A little-known U.S.-based climate change denier named Alec Rawls leaked an early draft of a major global warming report, claiming that a single sentence about the influence of cosmic rays on the earth’s climate “completely undercuts the main premise and the main conclusion of the full report.” Other report reviewers say he is wrong.
Rawls, who was one of 800 experts to assess the report by the U.N.’s Intergovernmental Panel on Climate Change, uploaded the draft to a website called Stop Green Suicide. The final version was not due to be released until September 2013. Several scientists who helped write the report have confirmed that the draft is genuine.
The leaker and his fellow climate deniers interpret the sentence in question as meaning that cosmic rays could play a bigger role in the planet’s warming than man-made emissions. They herald the sentence as “game-changing.”
But scientists who wrote the report say the discussion of cosmic rays was included to argue against their effect. Moreover, scientists are now 99 percent sure that man’s emissions are responsible for warming—up from the 90 percent certainty found in the panel’s 2007 report.
—Posted by Alexander Reed Kelly.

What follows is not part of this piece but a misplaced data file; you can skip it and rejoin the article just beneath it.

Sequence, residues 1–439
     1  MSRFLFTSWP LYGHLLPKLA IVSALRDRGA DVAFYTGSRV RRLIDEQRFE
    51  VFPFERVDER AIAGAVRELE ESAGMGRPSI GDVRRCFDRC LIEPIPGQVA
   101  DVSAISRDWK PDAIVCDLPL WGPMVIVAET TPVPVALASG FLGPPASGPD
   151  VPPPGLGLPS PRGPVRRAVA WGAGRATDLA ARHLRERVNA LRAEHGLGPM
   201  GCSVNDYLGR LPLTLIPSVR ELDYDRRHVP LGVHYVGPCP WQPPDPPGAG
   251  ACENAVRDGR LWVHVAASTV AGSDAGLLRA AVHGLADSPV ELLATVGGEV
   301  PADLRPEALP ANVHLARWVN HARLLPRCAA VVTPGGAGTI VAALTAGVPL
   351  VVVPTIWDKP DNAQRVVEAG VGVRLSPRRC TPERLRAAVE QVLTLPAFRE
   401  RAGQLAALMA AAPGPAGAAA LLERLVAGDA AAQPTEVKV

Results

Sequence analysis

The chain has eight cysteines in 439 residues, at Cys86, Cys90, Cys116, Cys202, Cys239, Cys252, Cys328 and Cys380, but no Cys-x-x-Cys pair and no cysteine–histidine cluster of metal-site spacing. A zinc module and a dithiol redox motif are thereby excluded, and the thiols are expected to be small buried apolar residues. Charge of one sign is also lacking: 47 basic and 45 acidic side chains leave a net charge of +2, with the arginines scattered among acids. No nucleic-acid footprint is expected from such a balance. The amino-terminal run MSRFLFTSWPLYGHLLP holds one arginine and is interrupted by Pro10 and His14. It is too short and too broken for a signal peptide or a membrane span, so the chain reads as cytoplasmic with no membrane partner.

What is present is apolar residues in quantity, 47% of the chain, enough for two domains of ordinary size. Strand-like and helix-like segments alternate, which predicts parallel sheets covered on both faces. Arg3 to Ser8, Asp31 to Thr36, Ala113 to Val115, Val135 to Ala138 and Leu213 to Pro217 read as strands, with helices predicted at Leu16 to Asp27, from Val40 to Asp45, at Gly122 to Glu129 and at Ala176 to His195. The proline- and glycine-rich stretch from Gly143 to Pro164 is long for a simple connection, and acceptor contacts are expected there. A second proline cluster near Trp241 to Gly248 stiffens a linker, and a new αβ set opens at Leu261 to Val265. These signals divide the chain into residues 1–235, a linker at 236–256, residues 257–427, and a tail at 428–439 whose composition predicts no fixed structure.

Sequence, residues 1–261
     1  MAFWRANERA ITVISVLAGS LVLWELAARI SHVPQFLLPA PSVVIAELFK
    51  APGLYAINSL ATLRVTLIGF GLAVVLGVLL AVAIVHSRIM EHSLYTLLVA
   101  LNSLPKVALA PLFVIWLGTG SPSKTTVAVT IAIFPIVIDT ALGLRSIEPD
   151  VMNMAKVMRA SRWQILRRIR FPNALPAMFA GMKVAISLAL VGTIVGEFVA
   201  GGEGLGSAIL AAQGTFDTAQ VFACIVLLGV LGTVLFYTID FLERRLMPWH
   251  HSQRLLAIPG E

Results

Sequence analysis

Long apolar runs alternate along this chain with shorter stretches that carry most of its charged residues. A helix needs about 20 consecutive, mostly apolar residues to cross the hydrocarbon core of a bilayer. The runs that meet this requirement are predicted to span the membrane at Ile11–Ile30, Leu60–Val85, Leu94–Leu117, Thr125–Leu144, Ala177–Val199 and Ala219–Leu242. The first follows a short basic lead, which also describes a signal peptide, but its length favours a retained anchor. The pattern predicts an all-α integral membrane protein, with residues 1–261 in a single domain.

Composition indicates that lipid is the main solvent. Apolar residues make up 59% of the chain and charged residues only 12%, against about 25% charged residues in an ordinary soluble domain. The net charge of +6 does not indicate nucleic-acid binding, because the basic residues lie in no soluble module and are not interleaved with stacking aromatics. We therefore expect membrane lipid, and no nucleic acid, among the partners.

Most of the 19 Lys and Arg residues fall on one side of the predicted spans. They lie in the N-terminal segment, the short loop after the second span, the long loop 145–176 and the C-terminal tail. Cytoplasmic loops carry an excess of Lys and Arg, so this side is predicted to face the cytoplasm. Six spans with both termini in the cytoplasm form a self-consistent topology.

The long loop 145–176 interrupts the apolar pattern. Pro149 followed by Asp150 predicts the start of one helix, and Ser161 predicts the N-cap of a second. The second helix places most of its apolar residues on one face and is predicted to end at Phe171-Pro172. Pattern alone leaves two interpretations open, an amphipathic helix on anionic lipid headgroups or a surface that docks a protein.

The isolation by climate sceptics of one sentence in the 14-chapter draft report was described as “completely ridiculous” by one of the report’s lead authors. Prof Steve Sherwood, a director of the Climate Change Research Centre at the University of New South Wales, told ABC Radio in Australia: “You could go and read those paragraphs yourself and the summary of it and see that we conclude exactly the opposite, that this cosmic ray effect that the paragraph is discussing appears to be negligible … It’s a pretty severe case of [cherry-picking], because even the sentence doesn’t say what [climate sceptics] say and certainly if you look at the context, we’re really saying the opposite.”
The leaked draft “summary for policymakers” contains a statement that appears to contradict the climate sceptics’ interpretation.
It says: “There is consistent evidence from observations of a net energy uptake of the earth system due to an imbalance in the energy budget. It is virtually certain that this is caused by human activities, primarily by the increase in CO2 concentrations. There is very high confidence that natural forcing contributes only a small fraction to this imbalance.”
EraPhernalia Vintage . . . (playin' hook-y ;o) (CC BY-SA 2.0)